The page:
Noise is reduced by playing with gain and the two phase controls.

Monday, November 02, 2020

Soldering mat using silicon baking mat

In the new shack I've been soldering on a cutting mat but it turns out this is not a good surface as it quickly melts if a hot component is rested on it. I've now purchased a low cost silicon baking mat and this works well. It's a strangely sticky material and is quite thin but it does not complain about melted solder being placed directly on the surface.

This one was purchased from Amazon Australia and cost AU$8.95 (but I notice that the price seems to vary). There are purpose made soldering mats around but they cost at least double this.

Having used it a bit now, it works well but the slightly sticky surface makes it a bit hard to pick up small components and snipped wires.

Friday, October 23, 2020

Peter, VK3YE, presents to the Melbourne Electronics and Radio Club (MERC)

One positive of the current pandemic is that many people have become familiar with video conferencing. In lieu of the regular Friday club meetup on 146.700MHz, the club has started presenting guest speakers. This week it was a great pleasure to have home brew hero, QRP advocate and prolific author, Peter, VK3YE.

Peter talked about gear, including commercial, kits and home brew, antennas, and operating to get QRP contacts. It was a great presentation. Thanks to all who organised it, and thanks to Peter for his time.

Here's the video:

Monday, October 19, 2020

ABC and the Digital Revolution: what’s next?

The ABC has historically been flexible with the technologies it uses to transmit its content to consumers. Today’s technology landscape is changing faster than ever and the ABC must continue to straddle the old and the new if it is to remain available to contemporary as well as traditional audiences.

ABC Technology timeline

The rate of change to technologies affecting ABC broadcasting has accelerated over time. New technologies have not replaced older ones but added to the technical overhead of the organisation.

Changes in broadcast technology can be painful. Some people are left behind. Old technology is often expensive but effective and is missed by many when superceded. New technology can slash costs and create new opportunities but the landscape is crowded.

The ABC’s technology usage is as follows:

1930 - Today Analog medium wave AM Radio

1939 - 2017 Analog short wave AM Radio

1956 - 2013 Analog Television

1975 - Today Analog FM Radio

1985 - Today Geostationary Satellite (Aussat)

1997 - Today Audio internet streaming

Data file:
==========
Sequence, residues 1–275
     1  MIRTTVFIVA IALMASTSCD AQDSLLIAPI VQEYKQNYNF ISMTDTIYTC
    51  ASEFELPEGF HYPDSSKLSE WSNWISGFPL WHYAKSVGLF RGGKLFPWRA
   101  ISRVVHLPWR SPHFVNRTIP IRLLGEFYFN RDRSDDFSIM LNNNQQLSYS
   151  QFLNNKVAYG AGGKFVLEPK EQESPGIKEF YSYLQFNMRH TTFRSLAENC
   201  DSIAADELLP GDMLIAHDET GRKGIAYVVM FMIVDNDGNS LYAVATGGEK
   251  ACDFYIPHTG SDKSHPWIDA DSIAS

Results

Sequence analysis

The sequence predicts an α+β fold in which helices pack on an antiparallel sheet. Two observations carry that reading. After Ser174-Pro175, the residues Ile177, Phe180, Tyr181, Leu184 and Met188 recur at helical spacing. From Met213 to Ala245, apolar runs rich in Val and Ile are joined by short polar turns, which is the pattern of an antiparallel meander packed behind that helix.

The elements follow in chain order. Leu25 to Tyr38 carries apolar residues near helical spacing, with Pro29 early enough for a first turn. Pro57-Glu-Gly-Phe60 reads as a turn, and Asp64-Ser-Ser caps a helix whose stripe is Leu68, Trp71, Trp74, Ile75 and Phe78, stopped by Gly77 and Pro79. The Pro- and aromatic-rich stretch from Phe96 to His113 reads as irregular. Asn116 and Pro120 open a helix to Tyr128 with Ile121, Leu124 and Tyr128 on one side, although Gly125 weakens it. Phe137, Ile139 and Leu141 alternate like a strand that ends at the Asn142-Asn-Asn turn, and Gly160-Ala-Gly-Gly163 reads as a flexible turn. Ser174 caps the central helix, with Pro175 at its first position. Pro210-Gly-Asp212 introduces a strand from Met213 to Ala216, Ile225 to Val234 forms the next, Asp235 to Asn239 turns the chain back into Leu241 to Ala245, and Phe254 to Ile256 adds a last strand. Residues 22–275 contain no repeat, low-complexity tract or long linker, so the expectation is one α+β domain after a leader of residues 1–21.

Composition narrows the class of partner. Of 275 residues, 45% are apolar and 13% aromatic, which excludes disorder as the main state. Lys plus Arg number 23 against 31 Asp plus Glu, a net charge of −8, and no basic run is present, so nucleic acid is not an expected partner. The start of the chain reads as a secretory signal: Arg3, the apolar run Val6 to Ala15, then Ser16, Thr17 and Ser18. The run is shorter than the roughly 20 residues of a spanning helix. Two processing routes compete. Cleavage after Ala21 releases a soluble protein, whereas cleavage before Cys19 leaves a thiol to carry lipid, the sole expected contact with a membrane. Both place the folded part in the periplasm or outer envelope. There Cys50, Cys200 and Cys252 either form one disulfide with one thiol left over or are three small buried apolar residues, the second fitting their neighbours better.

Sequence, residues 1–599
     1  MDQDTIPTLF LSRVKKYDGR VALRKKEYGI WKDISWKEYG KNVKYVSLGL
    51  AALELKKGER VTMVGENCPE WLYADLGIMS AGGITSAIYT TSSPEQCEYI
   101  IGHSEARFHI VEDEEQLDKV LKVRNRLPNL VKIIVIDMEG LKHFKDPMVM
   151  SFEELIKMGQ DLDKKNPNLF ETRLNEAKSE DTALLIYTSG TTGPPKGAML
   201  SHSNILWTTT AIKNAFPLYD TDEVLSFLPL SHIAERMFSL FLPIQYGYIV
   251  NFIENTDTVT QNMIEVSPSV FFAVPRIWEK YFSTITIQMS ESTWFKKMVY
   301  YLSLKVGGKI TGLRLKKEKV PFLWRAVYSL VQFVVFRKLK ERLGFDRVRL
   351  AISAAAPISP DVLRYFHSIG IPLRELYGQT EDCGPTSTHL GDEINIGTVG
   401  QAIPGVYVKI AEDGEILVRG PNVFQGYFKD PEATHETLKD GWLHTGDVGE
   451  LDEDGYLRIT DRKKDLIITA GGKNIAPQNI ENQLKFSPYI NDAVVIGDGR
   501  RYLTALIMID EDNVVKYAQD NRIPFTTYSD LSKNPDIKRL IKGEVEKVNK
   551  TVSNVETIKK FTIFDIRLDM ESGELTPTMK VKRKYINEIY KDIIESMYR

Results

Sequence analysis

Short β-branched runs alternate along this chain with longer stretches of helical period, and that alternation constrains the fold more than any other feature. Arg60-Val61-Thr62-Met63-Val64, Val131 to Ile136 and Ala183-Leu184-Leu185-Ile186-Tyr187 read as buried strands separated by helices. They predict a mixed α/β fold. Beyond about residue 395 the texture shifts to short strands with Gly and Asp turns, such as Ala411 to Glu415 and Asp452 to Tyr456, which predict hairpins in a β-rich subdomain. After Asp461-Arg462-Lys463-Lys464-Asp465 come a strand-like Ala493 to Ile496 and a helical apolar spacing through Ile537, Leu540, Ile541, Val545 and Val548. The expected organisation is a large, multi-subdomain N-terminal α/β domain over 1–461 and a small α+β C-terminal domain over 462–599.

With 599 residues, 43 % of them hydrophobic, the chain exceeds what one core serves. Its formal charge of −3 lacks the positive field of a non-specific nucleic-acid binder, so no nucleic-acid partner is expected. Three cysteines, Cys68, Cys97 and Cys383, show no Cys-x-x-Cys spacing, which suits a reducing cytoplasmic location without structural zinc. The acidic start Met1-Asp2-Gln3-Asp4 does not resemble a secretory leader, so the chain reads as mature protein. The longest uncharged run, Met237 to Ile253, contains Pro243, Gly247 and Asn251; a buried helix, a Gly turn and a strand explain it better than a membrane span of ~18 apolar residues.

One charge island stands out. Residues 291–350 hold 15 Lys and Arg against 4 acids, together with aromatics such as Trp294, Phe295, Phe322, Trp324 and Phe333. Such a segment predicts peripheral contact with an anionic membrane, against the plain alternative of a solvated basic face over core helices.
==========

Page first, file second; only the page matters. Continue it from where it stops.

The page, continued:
2001 - Today Digital Television

2004 - Today Internet podcast audio

2008 - Today Internet catchup video

2009 - Today Digital Radio

The switching off of analog TV in 2013 disrupted some viewers but happily low cost set top boxes were available to enable their old TVs to pick up the new digital signals.

The ending of Australia’s short wave services in 2017 has made it impossible for Australian inland communities and the Asia Pacific nations to hear ABC broadcasts unless they are served by local relays or satellite services.

Analog FM remains, for now, but the clock is ticking.

The Analog AM broadcast band continues to be used, and arguably forms a backbone for communication in times of widespread disaster such as fire or extreme weather. But AM radio is falling from favour as it is increasingly interfered with by devices such as mobile phone chargers and soon electric cars. The US FCC is considering switching AM to a digital alternative.

DAB+ (Digital Audio Broadcast) is in the largest cities and is slowly being extended. Receivers are becoming standard in new cars.

Podcasts - recorded audio, distributed via internet file feeds that users subscribe to in applications that now come with all modern phones - have emerged as an important new form of media. Smart speakers provide a convenient new way to listen to these programs in the home.

Broadcaster Video On Demand (BOVD) - which the ABC was early to deliver through the iview service via apps, web and smart TVs or set top boxes - continues to grow. During the first half of 2019, BVOD recorded in excess of 20 billion streaming minutes (Live + VOD), up 52% on the same period the previous year